After Tuesday's ruling by Germany's highest court, Ingmar Zöller will finally become a father. For the moment, his husband Thomas Welter is the only legal guardian of the two children that the couple is raising in Berlin. Until now, it hasn't been possible for homosexual couples in civil partnerships in Germany to adopt a child together.
Under the ruling, if one partner has adopted a child, the other partner now has the right to become the adoptive mother or father of that child as well, in what's known as "successive adoptions." Until now, they could only adopt their partner's biological child.
"That was really unfair," Zöller told DW. "The ruling now means that I can finally officially become what I always was: the father of my two children."
Germany lags behind
The case of Zöller and Welter was familiar for many same-sex couples in Germany, an inequality that prompted a lesbian couple from Münster to take the case before the Federal Constitutional Court in Karlsruhe. On Tuesday (19.02.2013), the court ruled in their favor, saying that the ban on successive adoptions was against the right to equal treatment.
"This decision is important, because it sends a signal that same-sex couples should not be discriminated against," said Nina Dethloff, a family law professor at the University of Bonn, speaking with public broadcaster Saarländischen Rundfunk. "In particular, the law now recognizes that same-sex couples can be good parents, the same as heterosexual couples."
In comparison with other European countries, Germany has lagged behind in this respect. The Netherlands, Belgium, Spain, the United Kingdom, Sweden, Norway, Denmark, Iceland and likely soon, France, all give homosexual couples the right to adopt children together. Adoption of a stepchild, in which a homosexual person is allowed to adopt the biological child of his or her partner, is permitted in Finland, Switzerland and Slovenia.
10,000 euros compensation
Gays and lesbians in Austria, however, still have had it more difficult than those living in Germany. There, the federal courts denied a homosexual woman the right to adopt the biological son of her partner. On Tuesday, the European Court of Human Rights (ECHR) also ruled that this decision was a form of discrimination and said the Austrian state must pay 10,000 euros ($13,300) in compensation.
Psychoanalysts believe that children who grow up with same-sex parents suffer no harm or disadvantage. "Children can be much better off with same-sex parents than in a dysfunctional family with heterosexual parents," family therapist Gundula Femmer told DW.
Marion Schwarz, chairwoman of the Association of Therapists for Children and Teenagers, told German public radio Westdeutscher Rundfunk that a good social and reliable link between a child and his or her parents was essential. "The sex of the parents is only of secondary significance here."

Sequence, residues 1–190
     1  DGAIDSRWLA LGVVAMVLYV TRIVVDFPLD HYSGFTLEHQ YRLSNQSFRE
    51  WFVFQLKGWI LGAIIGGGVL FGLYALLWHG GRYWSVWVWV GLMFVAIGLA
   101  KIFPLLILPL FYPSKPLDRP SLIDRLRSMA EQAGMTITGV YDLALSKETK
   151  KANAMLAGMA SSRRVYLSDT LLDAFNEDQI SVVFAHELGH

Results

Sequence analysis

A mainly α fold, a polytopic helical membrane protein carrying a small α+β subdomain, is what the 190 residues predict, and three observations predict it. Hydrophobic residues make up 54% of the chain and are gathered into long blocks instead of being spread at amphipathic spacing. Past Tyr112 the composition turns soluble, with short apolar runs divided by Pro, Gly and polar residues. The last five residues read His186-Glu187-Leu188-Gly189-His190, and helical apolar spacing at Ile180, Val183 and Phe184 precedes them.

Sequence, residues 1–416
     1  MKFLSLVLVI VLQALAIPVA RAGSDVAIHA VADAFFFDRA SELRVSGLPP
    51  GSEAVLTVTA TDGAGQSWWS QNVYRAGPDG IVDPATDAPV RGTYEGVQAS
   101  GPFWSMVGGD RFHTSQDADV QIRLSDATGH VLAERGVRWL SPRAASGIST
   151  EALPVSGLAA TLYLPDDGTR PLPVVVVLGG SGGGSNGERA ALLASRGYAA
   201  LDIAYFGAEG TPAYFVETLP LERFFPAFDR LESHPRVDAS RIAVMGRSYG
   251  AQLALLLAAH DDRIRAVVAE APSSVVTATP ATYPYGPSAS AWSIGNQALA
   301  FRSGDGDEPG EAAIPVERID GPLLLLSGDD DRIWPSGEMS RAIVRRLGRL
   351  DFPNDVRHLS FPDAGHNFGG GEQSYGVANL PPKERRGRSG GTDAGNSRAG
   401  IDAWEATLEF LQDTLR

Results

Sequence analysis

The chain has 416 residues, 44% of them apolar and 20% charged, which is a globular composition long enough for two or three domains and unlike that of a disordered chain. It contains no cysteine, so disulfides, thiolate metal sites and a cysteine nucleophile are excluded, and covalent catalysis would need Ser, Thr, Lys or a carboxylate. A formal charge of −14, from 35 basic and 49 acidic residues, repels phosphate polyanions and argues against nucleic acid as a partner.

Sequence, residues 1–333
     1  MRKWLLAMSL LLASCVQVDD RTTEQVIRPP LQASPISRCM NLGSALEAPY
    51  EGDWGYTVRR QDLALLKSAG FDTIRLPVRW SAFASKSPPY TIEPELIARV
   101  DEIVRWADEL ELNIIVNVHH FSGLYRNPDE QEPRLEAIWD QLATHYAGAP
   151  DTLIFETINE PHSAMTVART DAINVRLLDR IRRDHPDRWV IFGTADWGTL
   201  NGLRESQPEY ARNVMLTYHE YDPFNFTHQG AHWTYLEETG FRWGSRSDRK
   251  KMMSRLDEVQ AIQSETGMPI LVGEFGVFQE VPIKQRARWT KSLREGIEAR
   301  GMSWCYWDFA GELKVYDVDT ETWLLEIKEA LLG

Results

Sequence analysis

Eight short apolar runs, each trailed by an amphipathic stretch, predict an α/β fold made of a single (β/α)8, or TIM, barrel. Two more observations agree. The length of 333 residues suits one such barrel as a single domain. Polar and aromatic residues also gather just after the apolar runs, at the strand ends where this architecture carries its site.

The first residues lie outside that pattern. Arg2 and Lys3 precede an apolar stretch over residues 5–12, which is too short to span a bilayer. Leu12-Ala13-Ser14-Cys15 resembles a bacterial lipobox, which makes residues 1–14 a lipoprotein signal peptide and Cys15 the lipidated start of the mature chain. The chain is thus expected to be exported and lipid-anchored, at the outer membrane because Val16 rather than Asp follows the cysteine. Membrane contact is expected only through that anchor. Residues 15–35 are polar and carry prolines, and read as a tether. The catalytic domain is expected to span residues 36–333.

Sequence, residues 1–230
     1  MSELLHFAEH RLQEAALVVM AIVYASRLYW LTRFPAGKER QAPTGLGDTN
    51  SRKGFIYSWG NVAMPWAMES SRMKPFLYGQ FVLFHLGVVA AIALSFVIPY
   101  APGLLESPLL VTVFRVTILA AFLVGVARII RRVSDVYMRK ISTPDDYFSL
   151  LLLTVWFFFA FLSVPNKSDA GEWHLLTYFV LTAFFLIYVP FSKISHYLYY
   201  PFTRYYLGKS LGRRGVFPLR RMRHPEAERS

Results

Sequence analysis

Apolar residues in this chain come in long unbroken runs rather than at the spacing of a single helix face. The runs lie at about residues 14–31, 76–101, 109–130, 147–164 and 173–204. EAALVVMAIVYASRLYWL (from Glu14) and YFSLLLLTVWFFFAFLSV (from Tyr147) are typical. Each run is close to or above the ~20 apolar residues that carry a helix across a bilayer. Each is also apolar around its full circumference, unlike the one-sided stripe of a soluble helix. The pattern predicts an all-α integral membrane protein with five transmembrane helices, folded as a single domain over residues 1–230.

The German Family Association, though, was critical of the Karlsruhe decision, saying the ruling would have a negative effect on a child's upbringing, with the children of same-sex marriages being stigmatized and discriminated against.
Schwarz disagrees. "Why the act of the second adoption should be a stigmatization is something I don't understand, and there's no research basis for such an opinion," she said. Femmer agrees, saying that "whether one or both of the parents are legally responsible for the child does not change anything about the child's development."
In fact, it might very well be crucial to actually have both parents be legally responsible for the child, Femmer explained, in the case, for instance, if one of the parents dies. "Then there won't be the danger that the child is sent to a foster home," she added.
16,000 children in same-sex families
According to official German statistics, there were some 67,000 same-sex couples living in Germany in 2011. A 2009 study reported that there were around 16,000 children living with same-sex parents, either with two fathers or two mothers.
Tuesday's ruling is the latest the Karlsruhe court has made in favor of homosexual rights, after earlier strengthening the terms of inheritance law.
Ingmar Zöller plans to go to the authorities as soon as possible and become the official father of his children, who have actually considered him as such for quite some time. "But I'll only celebrate once I've actually signed the document," he said.